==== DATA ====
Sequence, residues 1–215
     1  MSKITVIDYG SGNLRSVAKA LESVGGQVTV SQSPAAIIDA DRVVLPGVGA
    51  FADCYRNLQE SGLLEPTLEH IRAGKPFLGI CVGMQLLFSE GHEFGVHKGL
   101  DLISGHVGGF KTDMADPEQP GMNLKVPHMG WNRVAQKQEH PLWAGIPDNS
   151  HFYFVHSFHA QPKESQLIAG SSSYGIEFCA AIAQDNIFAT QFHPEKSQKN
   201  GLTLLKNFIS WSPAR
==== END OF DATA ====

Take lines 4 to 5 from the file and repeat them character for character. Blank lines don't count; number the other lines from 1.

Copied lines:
   101  DLISGHVGGF KTDMADPEQP GMNLKVPHMG WNRVAQKQEH PLWAGIPDNS
   151  HFYFVHSFHA QPKESQLIAG SSSYGIEFCA AIAQDNIFAT QFHPEKSQKN